Public Policy and Government Affairs

NDAA Paves Way for U.S. Space Competitiveness

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The FY 2013 National Defense Authorization Act (NDAA), which includes language that significantly modernizes space-related provisions within the International Traffic in Arms Regulations (ITAR) law, was signed into law on Jan. 3, paving the way for the United States to become more competitive in the global space arena. The Space Foundation has advocated for such reform for at least a decade.

“For years, we have watched the U.S. lose ground against global competitors because of the largely unintentional consequences of onerous regulations on space technology for export,” said Space Foundation Chief Executive Officer Elliot Pulham.

“Now, thanks to the hard work of a number of individuals – most especially Senator Michael Bennet (D-CO) and Senator Mark Udall (D-CO) – our nation will soon be able to once again vigorously compete in an industry we helped invent.”

Pictured, above right: Bennet discusses ITAR reform at a Space Foundation event in Washington, D.C., last July.

Bill Addresses ITAR, Sets Funding

The NDAA gives the administration discretion to transfer certain less-sensitive satellites and satellite components from the restrictive United States Munitions List (USML) to the less restrictive Commerce Control List (CCL), thus allowing U.S. space businesses to sell more space products and services outside the U.S. and to enter into more business relationships with global partners. Specific space provisions of the NDAA, which provides congressional policy guidance to the Department of Defense (DoD) and authorizes funds to be appropriated for DoD programs, include:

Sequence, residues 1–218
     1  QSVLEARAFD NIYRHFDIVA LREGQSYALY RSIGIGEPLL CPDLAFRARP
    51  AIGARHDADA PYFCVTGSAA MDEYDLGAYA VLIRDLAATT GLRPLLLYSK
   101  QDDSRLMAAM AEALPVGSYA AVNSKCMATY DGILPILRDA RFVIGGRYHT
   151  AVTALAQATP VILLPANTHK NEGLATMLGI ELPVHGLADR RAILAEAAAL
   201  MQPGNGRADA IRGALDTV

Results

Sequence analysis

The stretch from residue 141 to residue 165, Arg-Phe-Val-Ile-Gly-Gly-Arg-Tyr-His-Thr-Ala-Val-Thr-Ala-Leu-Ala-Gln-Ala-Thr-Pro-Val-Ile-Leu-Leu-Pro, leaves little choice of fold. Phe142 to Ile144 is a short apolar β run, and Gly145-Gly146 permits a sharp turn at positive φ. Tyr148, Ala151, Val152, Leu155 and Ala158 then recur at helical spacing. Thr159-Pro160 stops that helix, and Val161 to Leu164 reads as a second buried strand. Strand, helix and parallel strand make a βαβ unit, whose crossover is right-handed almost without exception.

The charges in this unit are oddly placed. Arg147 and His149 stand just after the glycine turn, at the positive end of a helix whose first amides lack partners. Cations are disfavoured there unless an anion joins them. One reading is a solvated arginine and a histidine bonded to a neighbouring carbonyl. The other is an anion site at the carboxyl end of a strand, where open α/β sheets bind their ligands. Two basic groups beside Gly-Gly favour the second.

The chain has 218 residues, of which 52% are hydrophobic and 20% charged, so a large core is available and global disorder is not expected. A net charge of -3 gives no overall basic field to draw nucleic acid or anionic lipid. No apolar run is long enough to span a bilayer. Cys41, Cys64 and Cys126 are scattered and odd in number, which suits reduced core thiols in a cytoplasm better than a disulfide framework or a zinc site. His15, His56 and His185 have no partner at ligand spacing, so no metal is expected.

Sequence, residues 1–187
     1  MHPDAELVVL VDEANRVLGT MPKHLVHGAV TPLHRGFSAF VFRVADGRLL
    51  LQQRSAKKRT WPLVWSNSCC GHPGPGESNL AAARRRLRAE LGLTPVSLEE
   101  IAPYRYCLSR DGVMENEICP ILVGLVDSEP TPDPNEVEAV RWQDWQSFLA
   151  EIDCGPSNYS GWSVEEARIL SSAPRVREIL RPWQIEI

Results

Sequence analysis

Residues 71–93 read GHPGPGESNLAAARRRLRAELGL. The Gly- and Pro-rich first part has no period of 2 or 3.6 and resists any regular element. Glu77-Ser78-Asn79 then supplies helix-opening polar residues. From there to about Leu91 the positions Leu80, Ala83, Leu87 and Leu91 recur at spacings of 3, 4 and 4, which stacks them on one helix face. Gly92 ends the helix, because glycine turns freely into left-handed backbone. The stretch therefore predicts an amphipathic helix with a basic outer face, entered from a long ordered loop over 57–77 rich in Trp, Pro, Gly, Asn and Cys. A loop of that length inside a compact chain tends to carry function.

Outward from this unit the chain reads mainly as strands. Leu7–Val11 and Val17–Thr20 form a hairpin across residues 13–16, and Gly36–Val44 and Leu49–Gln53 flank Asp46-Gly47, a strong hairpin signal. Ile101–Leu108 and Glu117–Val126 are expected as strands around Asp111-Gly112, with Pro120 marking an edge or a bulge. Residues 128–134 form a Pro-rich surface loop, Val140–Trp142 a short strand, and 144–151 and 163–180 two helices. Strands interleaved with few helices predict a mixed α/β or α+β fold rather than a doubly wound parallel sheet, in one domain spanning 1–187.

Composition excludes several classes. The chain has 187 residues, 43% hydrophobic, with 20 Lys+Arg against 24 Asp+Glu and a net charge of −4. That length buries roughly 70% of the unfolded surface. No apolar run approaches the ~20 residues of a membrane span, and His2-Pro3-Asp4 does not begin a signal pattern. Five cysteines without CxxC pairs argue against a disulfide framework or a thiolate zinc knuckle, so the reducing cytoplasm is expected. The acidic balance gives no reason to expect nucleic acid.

• Satellite Export Control Modernization – Section 1261, the section that restores the authority to the President to move satellites and related items from the USML to the CCL, also prohibits export and re-export of satellites and related components to certain countries and provides for interagency reviews and reporting to ensure accountability with respect to export of satellites and related items. 
  • Authorization of $45 million for Operationally Responsive Space (ORS) program in FY 2013, $35 million more than the President’s request. In addition, Section 914 creates an ORS Executive Committee to provide coordination, oversight and approval of projects for the ORS Office. 
  • Authorization of $45 million to restore the Space Test Program (STP) in FY 2013, $34 million more than the President’s request. The STP, created in 1965, conducts space test missions to accelerate the DoD’s space technology transformation while lowering development risk.

More Work to Do

“While this achievement has been a long time coming, important steps remain in order to implement this change. We look forward to working with the administration in 2013 to ensure American Space competitiveness is maximized while keeping sensitive technologies out of the wrong hands,” said Pulham.

The Space Foundation updated our U.S. Defense Space-Based and Related Systems FY 2013 Budget Comparison to reflect the changes. To see all the space-related provisions in the FY 2013 NDAA, please click here.

This article is part of Space Watch: January 2013 (Volume: 12, Issue: 1).